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Parides agavus

Parides agavus

Superregnum: Eukaryota
Cladus: Unikonta
Cladus: Opisthokonta
Cladus: Holozoa
Regnum: Animalia
Subregnum: Eumetazoa
Cladus: Bilateria
Cladus: Nephrozoa
Cladus: Protostomia
Cladus: Ecdysozoa
Cladus: Panarthropoda
Phylum: Arthropoda
Subphylum: Hexapoda
Classis: Insecta
Cladus: Dicondylia
Subclassis: Pterygota
Cladus: Metapterygota
Infraclassis: Neoptera
Cladus: Eumetabola
Cladus: Endopterygota
Superordo: Panorpida
Cladus: Amphiesmenoptera
Ordo: Lepidoptera
Subordo: Glossata
Cladus: Coelolepida
Cladus: Myoglossata
Cladus: Neolepidoptera
Infraordo: Heteroneura
Cladus: Eulepidoptera
Cladus: Ditrysia
Cladus: Apoditrysia
Cladus: Obtectomera
Superfamilia: Papilionoidea

Familia: Papilionidae
Subfamilia: Papilioninae
Tribus: Troidini
Subtribus: Troidina
Genus: Parides
Species: Parides agavus
Parides agavus (Drury, 1782)

Parides agavus, the Agavus Cattleheart, is a species of butterfly in the family Papilionidae. It is found in Brazil, Paraguay, and north Argentina.

The red anal spot of the hindwing very large and z-shaped. The abbreviated white band of the hindwing is somewhat variable. A full description is provided by Rothschild, W. and Jordan, K. (1906)[2]

It is not uncommon, even in gardens. Adults frequent flowers. It is not thought to be threatened. Parides agavus is ranched in Brazil.[3]

The larvae feed on Aristolochia triangularis and Aristolochia fimbriata.

Description from Seitz
For a key to the terms used, see Glossary of entomology terms.

P. agavus Drury (lb). The red anal spot of the hindwing very large, Z-shaped. The abbreviated white band of the hindwing is somewhat variable. Although the species is quite common even in gardens in the neighbourhood of Rio, especially in damp, shady places, we are still ignorant of its early stages. The insect frequents flowers, and is easy to catch. — Minas Geraes southwards to Rio Grande do Sul, westwards to Paraguay and the adjoining parts of Argentina; not extending to the foot of the Andes.[4]

Parides agavus is a member of the ascanius species group[5] ("Fringe-spots white. Hindwing with submarginal spots and usnally also discal spots or dots, or a discal band ; mostly with tail"). A quadrate whitish spot in space 2 of the forewings is quite peculiar of the ascanius group[6]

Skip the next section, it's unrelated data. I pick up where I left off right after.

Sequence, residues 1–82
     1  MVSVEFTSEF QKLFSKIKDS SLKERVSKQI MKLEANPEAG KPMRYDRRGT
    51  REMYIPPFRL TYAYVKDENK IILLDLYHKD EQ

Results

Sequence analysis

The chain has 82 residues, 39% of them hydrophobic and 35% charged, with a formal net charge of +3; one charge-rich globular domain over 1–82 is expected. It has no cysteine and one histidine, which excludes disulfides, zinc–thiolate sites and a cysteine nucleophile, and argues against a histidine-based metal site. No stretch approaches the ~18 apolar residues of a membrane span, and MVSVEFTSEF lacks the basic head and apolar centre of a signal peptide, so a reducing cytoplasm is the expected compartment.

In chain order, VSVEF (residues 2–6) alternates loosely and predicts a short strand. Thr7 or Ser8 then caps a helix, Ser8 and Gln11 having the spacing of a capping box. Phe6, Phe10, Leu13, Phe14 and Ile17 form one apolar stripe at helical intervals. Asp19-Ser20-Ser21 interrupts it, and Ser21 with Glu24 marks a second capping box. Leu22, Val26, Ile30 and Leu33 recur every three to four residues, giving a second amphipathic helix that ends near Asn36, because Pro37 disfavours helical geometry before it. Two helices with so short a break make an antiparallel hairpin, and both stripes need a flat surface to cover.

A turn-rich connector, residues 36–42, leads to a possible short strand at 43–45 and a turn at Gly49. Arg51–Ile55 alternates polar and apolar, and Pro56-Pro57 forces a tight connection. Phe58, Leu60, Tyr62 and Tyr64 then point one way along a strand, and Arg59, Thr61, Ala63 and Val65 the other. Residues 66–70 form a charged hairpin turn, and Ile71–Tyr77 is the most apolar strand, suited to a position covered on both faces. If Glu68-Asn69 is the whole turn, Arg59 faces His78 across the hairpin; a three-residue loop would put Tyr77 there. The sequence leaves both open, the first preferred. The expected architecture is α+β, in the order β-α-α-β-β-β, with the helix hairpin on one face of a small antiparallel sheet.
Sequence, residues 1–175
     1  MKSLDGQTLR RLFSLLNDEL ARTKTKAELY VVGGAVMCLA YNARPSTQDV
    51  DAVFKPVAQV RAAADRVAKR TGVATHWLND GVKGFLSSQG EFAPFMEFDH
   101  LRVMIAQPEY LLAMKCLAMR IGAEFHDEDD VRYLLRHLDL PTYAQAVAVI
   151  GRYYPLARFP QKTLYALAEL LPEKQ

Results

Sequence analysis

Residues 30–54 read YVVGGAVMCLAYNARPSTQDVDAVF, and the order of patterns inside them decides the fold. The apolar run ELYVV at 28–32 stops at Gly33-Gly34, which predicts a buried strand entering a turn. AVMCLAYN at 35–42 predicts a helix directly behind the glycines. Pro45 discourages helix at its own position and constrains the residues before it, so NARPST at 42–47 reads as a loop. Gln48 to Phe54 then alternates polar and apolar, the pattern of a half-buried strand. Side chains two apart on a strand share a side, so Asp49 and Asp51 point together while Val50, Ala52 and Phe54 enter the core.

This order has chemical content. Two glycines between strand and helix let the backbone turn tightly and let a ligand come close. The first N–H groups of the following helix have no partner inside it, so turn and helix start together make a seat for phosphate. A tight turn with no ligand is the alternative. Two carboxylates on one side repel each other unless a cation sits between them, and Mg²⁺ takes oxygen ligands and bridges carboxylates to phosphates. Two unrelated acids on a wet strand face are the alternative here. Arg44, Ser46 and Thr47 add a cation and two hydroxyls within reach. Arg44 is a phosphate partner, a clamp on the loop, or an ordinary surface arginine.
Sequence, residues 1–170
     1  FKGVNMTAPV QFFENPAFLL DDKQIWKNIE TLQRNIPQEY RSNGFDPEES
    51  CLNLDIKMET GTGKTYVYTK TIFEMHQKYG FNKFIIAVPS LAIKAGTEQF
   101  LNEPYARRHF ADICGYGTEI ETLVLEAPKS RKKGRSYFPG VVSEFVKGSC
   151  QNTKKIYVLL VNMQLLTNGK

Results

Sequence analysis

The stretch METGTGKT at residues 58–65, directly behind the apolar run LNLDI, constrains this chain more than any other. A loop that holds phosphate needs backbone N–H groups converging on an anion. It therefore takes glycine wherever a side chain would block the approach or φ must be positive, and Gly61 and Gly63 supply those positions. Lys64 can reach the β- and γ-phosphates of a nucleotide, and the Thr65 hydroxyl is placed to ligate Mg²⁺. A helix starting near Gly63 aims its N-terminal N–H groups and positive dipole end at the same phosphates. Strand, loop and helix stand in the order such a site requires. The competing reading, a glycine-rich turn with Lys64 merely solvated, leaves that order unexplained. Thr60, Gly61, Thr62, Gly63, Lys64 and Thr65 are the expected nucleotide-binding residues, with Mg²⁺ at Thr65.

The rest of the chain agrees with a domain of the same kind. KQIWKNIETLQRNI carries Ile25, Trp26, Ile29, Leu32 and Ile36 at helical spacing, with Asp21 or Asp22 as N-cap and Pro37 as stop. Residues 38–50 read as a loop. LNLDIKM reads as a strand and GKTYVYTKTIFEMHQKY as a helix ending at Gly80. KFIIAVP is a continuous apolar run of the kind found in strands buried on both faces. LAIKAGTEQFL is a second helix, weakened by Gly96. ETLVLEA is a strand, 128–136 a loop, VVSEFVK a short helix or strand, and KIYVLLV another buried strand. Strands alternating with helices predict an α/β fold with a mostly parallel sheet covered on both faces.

The members are

Parides agavus (Drury, 1782)
Parides alopius (Godman & Salvin, [1890])
Parides ascanius (Cramer, [1775])
Parides bunichus (Hübner, [1821])
Parides gundlachianus (C. & R. Felder, 1864)
Parides montezuma (Westwood, 1842)
Parides phalaecus (Hewitson, 1869)
Parides photinus (Doubleday, 1844)
Parides proneus (Hübner, [1831])


It is named in the classical tradition. In Greek mythology Agave was a Nereid.

Drury, D. 1770–1782. Illustrations of Natural History London, White.
Rothschild, W. and Jordan, K. (1906). A revision of the American Papilios. Novitates Zoologicae 13: 411-752. (Facsimile edition ed. P.H. Arnaud, 1967) and online
Collins, N. Mark; Morris, Michael G. (1985). Threatened Swallowtail Butterflies of the World: The IUCN Red Data Book. Gland & Cambridge: IUCN. ISBN 978-2-88032-603-6 – via Biodiversity Heritage Library.
Seitz, A. ed. Band 1: Abt. 1, Die Großschmetterlinge des palaearktischen Faunengebietes, Die palaearktischen Tagfalter, 1909, 379 Seiten, mit 89 kolorierten Tafeln (3470 Figuren) Public Domain This article incorporates text from this source, which is in the public domain.
Möhn, Edwin (2006). Schmetterlinge der Erde, Butterflies of the World Part XXVI (26), Papilionidae XIII. Parides. Edited by Erich Bauer and Thomas Frankenbach Keltern: Goecke & Evers; Canterbury: Hillside Books. ISBN 978-3-937783-27-7 (Supplement 13 in English - by Racheli)

Racheli, Tommaso an Olmisani. Luca 1998. A cladistic analysis of the genus Parides Hubner, [1819], based on androconial structures (Lepidoptera: Papilionidae). Neue Ent. Nachr. (Marktleuthen),41:119-131.pdf

Lewis, H.L. (1974). Butterflies of the World ISBN 0-245-52097-X Page 25, figure 19

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